2013 Trek Lexa

Going in the order which I acquired the bikes, the first is my 2013 Trek Lexa.  This was my very first bike my dad got for me when I finished my first triathlon in college, and it is probably one of my favorites, purely because it was my first.  It didn’t have climbing gears, and it was only 8-speed components, but it got me through some races and out training on the roads.  Currently, it is my greenway bike for when I ride the flat greenway with my husband, and it is upgraded from my 8-speed claris components to 10-speed tiagra components, complete with rack, fenders, and a bag in case I want to commute someday (my dream right there).

Felt B16W Bells Bend TT

Next would be my triathlon bike, which is a 2013 Felt B16W, which was the women’s model of Felt’s popular entry level B16, complete with purple pain.  It has it’s obvious purpose as my triathlon and now time trial bike, and it remains my fastest bike, although that may change some day.  It came stock with Felt wheels, but I have upgraded those to the FSE 55/79 combo I ride currently, and now other upgrades have been done outside of regular maintenance like new cables and housing.  I would love Di2 with 2-button shifters, but I will most likely get a new bike before that happens.

2017 Trek Madone 9.2 Project One

I didn’t get another bike until 2017, when I bought my first bike I paid for myself, which is a 2017 Trek Madone 9.2, which I upgraded to Di2 myself, making it a 9.5 (minus carbon wheels).  This was the first of my bikes I worked on myself, so there was a lot of learning in this process, but I came out of it with a lot more knowledge, and a smooth riding aero bike.  I originally bought it because I love the integration and invisible cable routing, and now it will most likely become the bike I race if I choose to road race more than time trials.

Trek Domane SL 6 Disc Craft Carbon Wheels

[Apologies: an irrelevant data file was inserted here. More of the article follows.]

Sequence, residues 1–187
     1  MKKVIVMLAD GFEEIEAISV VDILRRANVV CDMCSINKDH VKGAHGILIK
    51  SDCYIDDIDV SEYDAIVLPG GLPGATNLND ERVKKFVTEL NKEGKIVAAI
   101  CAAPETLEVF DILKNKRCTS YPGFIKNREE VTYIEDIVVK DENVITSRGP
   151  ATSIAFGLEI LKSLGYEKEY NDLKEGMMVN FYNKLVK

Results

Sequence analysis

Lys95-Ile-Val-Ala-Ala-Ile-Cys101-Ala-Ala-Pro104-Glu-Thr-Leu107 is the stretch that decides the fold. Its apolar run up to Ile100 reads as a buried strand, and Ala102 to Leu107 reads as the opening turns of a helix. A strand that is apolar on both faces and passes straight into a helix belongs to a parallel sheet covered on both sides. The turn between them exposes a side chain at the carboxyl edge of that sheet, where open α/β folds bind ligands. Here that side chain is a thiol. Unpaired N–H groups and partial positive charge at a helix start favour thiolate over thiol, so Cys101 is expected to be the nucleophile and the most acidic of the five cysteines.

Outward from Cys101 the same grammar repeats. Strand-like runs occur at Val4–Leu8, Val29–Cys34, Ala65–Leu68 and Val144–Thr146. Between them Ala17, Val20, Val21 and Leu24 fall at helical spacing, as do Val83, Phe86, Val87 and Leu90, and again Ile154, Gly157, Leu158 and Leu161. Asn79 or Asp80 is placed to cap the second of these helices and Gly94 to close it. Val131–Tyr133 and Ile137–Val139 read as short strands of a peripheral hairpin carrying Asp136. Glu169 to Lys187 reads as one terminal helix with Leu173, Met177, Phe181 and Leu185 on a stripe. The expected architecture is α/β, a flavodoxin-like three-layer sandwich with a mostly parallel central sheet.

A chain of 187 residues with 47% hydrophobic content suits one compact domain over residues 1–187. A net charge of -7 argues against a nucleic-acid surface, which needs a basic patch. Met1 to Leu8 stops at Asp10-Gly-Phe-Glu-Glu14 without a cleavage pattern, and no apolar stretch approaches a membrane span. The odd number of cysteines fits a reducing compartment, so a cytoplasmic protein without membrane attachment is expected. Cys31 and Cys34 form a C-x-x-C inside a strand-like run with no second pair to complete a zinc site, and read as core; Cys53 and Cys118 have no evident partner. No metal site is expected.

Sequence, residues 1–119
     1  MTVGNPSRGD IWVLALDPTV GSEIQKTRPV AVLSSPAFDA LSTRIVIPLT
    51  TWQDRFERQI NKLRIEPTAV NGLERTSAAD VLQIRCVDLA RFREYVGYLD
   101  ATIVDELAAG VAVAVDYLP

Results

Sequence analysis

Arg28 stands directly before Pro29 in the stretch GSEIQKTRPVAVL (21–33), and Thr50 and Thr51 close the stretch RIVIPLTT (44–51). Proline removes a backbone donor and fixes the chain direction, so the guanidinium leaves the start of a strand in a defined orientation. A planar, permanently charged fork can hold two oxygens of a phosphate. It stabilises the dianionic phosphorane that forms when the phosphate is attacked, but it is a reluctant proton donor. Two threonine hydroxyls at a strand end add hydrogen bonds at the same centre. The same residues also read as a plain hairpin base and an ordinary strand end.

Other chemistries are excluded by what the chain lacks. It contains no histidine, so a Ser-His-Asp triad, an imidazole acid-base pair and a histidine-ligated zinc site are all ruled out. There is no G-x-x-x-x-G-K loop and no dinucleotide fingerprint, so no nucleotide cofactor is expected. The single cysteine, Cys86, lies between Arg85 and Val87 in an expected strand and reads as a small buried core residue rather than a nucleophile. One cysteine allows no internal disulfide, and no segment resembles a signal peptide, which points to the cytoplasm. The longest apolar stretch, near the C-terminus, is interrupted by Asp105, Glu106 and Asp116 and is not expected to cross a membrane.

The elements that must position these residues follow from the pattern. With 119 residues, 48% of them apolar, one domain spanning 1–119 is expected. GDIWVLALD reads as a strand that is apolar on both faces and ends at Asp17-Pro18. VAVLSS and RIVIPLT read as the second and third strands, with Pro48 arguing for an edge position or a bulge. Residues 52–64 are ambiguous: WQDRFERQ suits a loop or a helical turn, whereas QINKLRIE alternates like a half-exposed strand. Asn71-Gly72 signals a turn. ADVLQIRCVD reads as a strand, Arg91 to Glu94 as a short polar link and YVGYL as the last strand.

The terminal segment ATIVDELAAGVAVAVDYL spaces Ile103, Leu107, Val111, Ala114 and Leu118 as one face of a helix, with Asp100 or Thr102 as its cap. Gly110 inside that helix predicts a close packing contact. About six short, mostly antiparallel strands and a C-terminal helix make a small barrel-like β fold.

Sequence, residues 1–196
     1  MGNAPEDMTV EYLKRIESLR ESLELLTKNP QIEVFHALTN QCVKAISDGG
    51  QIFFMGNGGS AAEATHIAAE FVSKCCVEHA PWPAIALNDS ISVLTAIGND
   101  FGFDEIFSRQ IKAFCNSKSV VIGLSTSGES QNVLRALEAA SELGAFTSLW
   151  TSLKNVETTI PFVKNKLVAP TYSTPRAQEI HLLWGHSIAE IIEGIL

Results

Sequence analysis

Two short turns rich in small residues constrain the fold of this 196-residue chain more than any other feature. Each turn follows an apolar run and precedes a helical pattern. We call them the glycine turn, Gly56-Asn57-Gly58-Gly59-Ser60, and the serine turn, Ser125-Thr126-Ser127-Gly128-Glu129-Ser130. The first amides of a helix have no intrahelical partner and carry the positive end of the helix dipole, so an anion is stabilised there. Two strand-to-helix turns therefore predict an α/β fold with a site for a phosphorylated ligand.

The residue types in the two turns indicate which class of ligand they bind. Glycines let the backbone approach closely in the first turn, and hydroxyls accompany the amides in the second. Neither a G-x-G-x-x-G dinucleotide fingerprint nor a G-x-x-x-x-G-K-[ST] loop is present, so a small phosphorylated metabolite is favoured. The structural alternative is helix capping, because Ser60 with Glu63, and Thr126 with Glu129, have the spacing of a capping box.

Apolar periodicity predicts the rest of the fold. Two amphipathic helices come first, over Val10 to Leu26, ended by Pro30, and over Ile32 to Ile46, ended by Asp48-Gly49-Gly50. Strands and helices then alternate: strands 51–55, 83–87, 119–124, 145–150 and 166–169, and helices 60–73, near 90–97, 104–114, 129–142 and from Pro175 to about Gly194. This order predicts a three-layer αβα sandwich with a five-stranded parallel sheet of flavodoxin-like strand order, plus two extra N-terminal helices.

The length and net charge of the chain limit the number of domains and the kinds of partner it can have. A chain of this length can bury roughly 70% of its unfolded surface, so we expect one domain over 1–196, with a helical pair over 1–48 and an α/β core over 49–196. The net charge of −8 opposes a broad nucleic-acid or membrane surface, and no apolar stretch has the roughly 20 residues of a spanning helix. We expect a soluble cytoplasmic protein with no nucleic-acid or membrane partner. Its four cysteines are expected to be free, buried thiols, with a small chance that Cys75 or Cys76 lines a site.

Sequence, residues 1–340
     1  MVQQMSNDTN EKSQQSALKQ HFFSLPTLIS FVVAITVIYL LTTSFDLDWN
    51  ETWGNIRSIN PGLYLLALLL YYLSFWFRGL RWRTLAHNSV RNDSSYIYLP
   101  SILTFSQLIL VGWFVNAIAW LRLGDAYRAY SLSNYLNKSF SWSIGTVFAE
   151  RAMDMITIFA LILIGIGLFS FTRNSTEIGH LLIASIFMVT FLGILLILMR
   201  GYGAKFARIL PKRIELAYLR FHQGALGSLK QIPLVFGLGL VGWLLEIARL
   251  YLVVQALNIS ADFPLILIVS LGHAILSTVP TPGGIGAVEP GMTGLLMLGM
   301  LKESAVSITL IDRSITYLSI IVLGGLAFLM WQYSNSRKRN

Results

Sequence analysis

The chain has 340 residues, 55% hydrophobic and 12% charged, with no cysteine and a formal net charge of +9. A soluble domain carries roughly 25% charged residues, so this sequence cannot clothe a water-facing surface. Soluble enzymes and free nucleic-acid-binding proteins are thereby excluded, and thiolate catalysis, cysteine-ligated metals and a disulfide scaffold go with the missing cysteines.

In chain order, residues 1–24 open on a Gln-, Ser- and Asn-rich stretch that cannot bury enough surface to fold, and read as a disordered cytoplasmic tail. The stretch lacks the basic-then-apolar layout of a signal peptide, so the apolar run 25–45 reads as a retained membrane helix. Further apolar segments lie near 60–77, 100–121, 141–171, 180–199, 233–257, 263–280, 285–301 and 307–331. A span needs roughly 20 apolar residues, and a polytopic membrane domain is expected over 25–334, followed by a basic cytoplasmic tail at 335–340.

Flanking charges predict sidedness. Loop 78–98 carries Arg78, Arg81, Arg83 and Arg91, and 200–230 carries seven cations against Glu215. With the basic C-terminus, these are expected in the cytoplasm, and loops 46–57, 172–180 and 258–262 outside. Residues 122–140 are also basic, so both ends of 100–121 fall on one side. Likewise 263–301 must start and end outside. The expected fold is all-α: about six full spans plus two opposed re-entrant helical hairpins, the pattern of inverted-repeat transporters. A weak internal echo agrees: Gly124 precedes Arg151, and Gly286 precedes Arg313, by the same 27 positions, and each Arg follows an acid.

Next, I bought a frame.  Trek was doing a closeout on past model year frame sets for employees, so I bought a 2017 Trek Domane SL disc frame.  I spent close to 9 months buying parts for this bike, the problem being the need for hydraulic shifters, and I chose to go with carbon wheels.  I ended up with one Dura-Ace and one Ultregra shifter with one Dura-Ace and one RS785 Brake caliper, and it works perfectly for me.  I did go ahead and only get carbon wheels, no trainer wheels, on this one from Craft Carbon Wheels, opting for 35mm deep rims, so if I get a cross bike, I can swap wheels.  This is also the first bike I put a 11-32 cassette on, other than my Lexa when I upgraded it, so it is the perfect bike for hilly group rides, or if I am planning to do hill repeats up on the trace (Natchez Trace Parkway).  It is also very comfortable with front and rear Isospeed from Trek, and the position is definitely the first one where I got on a bike and immediately thought “this feels good”.

What do I want from more bikes?  For one, I think I want to try cyclocross, so a Trek Crockett would be nice, whether I go frame set or whole bike.  I also want the new Madone, because it is lighter, and it is offered in a disc frame for more reliable stopping.  I think my next bike will probably be another triathlon bike, because I know I want to race more in the future, but I may actually stick to UCI legal for time trial, or keep my Felt for those.  For anyone questioning, N+1 is always the number of bikes you need, but my most recent purchase has been my husbands new bike.

Look out for my first video on Youtube where I will be going over some bike fit basics, as well as messing up my fit on my Lexa and going through some modifications on the position without taking measurements from my other bikes.